Author Archives: Nancy Winfrey


I was wondering today if I could write a blog about nothing. Sort of like a Seinfeld episode, which makes me laugh even though I know the entire series is about nothing. But if I keep coming back, watching old reruns (the parking garage, the junior mint, the soup Nazi) there must be something there. What is funny about nothing?

That makes me wonder, what exactly is nothing? Seinfeld is about life in a community of friends. Just the daily stuff. Maybe the daily stuff is nothing. My daily stuff sure seems like nothing. Nothing exciting, nothing special, nothing to write home about.  So, what would I write home about?

I don’t own anything new and shiny, but I bought groceries today. I’m not lounging in a house perched on the cliffs of Santorini, overlooking the Aegean Sea, but I stayed warm and dry last night under my roof during a torrential storm. No one has asked for my expert opinion today, nor have they knocked on my door for an autograph. Turns out I’m not all that. Nothing special there.

But what about how the afternoon sun is lighting up the underside of a million leaves on the Pin Oak tree outside my window? How about the comforting sound of a snoring beagle, sprawled out on the hardwood floor by my feet? Then there is the life-sustaining aroma of coffee in my bluebird mug. The bluebird mug was a gift from my dear friend Evelyn. I think about her every morning while I hold it, waiting in eager anticipation by the expresso machine. I remember her generosity and I’m thankful for her friendship. Is that nothing? I think that must be something.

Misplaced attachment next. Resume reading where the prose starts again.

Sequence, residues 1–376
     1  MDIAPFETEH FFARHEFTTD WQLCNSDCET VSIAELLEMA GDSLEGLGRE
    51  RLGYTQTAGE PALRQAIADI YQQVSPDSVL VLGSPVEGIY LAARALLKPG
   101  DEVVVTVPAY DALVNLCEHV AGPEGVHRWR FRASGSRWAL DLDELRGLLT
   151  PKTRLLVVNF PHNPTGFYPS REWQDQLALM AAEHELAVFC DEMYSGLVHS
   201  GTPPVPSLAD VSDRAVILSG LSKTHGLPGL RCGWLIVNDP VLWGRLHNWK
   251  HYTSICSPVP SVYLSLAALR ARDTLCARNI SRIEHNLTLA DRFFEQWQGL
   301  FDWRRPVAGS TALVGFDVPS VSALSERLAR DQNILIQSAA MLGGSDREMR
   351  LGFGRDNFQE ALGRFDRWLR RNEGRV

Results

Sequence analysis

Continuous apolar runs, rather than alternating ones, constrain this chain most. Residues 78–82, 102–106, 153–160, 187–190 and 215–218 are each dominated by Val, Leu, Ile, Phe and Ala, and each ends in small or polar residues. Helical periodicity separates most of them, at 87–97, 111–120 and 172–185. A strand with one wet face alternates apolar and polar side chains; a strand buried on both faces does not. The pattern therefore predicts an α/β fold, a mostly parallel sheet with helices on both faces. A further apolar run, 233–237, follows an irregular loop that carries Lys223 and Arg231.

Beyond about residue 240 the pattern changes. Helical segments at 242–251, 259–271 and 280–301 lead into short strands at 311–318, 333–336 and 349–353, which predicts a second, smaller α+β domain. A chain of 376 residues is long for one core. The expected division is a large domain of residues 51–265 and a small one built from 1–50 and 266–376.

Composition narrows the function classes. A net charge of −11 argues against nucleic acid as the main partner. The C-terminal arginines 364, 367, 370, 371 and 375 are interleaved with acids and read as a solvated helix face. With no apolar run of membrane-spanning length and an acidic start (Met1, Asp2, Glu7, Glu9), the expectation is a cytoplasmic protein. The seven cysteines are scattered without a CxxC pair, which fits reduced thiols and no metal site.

Perhaps “something” and “nothing” are just words with relative values. I have food in the cupboard, a roof over my head and coffee in my mug. A hound dog.  Just being here is something.  I guess what is important is that I share my daily stuff with someone else, and our collective daily stuff is what we know as “life.” Life in a community. Yes, there is something there.

It’s All Love

Have you ever had that dream, the one where you come home and someone else has dinner ready?

Or the version where someone pops their head in your office and says, “I’m getting some coffee, would you like a second cup?” Or even better, they say, “I just came from Starbucks and I picked up a half-caff, low foam, skinny grande latte, since I know it’s about that time of day for ya…” and they plunk down that nectar of the gods right there on your desk. Now that’s my love language! Acts of service, Gary Chapman called it, in the book he wrote back in the 1970s called The Five Love Languages. Acts of Service is one of my love languages, followed closely, or in conjunction, with Quality Time. I’ve apparently spent quality time with that person in my dream, since they knew my Starbucks order! The other languages are Receiving Gifts, Words of Affirmation and Physical Touch. Gifts are fine, and you can’t really argue with a good hug, but when I hear “You did a good job,” I think to myself, “Well, that’s nice.” As in, “Whatever.”